There is a roiling cauldron of kids who are stuck between kid-oriented sites and grownup sites. Tired of what they see as babyish, they are not yet ready for the "Wild West" of true social networking. And they are looking for these more "grown-up" experiences younger and younger. Peers are one of the most often cited influences on a child's interests. One older sibling or more advanced child can "infect" a whole cohort. In our house, the elder sib played with Webkinz to age ten; the younger sib (age six) quickly tired of the site, and has a stated and demonstrated interest in "other things."

To engage with the latter group, marketers must first capture their attention, then their imagination, then their loyalty; all this without alienating parents who want "more" for their kids but are wary of anything that smacks of shortening the distance between childhood and the teen years. Here are some ideas:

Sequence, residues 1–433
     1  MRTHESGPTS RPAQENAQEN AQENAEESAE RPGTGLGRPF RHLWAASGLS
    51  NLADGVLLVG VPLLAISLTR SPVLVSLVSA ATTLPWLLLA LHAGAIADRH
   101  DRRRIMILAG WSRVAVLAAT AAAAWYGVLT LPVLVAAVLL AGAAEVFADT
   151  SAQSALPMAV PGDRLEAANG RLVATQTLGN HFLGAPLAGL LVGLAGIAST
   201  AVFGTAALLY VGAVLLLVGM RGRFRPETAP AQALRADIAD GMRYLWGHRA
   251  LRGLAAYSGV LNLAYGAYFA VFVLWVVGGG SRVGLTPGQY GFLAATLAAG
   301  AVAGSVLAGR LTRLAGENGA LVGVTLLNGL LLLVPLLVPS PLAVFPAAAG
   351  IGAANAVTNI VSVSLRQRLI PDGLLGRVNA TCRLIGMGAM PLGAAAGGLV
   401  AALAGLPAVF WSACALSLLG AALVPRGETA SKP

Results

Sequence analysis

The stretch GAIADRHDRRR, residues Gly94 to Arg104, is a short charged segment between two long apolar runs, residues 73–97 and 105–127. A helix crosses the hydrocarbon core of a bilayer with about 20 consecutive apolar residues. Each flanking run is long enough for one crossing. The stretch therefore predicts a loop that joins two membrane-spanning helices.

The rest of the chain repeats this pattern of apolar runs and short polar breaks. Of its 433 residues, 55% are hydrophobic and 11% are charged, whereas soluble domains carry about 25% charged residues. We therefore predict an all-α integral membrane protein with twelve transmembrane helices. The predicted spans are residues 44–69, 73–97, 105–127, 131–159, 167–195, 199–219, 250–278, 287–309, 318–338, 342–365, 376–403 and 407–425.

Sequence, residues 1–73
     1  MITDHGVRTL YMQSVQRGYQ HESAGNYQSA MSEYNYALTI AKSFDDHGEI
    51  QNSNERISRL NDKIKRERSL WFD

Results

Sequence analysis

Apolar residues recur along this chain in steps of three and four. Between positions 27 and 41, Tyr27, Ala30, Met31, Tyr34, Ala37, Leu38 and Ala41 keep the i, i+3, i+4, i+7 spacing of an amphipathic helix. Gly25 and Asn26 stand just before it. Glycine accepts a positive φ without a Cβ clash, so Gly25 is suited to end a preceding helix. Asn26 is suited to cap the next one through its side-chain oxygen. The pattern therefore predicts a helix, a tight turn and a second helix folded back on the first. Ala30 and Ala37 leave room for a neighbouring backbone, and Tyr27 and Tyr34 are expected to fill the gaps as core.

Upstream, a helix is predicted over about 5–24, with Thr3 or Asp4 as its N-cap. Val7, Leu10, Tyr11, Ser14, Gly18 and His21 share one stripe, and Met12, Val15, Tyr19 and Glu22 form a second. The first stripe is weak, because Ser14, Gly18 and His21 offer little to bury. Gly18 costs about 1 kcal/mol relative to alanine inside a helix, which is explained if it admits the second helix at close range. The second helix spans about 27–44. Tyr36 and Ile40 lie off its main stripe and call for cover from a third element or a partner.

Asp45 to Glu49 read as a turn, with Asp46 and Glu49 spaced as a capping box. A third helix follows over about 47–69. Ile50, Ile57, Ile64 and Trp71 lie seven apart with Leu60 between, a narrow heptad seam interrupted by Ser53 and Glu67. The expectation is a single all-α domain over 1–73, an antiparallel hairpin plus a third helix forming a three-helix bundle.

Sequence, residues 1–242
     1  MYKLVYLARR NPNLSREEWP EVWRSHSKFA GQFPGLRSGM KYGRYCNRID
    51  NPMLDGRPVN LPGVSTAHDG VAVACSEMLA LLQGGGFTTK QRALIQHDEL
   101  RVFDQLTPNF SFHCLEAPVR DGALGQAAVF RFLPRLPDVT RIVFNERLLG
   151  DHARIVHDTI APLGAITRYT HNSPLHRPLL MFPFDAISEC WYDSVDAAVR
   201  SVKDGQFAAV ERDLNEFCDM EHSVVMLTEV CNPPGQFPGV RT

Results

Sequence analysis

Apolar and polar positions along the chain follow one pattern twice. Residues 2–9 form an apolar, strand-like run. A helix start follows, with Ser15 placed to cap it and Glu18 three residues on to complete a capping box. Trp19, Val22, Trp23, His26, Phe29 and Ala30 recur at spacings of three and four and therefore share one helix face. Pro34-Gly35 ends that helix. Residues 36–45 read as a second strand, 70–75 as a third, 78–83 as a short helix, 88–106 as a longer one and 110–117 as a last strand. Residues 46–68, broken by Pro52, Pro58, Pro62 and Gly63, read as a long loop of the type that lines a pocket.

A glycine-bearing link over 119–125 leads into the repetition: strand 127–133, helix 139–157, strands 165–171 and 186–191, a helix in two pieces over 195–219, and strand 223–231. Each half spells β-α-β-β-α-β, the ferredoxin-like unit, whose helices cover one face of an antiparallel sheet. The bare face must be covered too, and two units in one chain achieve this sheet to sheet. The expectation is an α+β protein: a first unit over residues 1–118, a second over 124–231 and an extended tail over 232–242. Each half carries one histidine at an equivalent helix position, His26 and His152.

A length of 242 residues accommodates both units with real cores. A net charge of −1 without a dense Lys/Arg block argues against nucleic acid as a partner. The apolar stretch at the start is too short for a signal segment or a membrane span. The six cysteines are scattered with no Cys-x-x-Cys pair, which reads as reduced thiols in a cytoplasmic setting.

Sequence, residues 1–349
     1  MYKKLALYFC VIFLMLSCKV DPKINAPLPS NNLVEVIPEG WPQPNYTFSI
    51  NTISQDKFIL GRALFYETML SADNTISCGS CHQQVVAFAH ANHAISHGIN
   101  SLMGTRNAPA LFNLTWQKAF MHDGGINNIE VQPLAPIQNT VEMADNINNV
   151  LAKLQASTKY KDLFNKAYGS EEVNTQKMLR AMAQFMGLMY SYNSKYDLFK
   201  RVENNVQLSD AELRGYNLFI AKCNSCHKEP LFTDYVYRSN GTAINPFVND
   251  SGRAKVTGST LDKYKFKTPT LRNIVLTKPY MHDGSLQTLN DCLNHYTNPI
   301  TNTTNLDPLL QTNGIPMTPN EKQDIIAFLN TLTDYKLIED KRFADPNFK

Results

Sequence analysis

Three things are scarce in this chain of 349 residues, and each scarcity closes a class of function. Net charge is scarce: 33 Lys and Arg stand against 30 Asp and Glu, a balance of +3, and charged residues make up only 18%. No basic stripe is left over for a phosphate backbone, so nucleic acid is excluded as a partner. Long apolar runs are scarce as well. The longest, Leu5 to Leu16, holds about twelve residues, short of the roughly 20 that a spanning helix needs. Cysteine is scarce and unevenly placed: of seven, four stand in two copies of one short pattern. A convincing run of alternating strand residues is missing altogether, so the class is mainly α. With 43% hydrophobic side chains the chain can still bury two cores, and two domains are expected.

• The casual game approach works to attract visitors but won't hold them for long. Link-building programs are often based on a new game, but you need a constant stream of new activities to keep tweens interested.
  • Is the look age-appropriate? Cartoons and animation can be sophisticated or babyish. The tween radar is highly attuned to "too young" and will quickly move on if they feel their younger sib might also be attracted.
  • Is the content fresh and current? Does it have ties to the next big thing or the latest craze? (In other words, when did you know that Hannah Montana was "so over" for tweens?)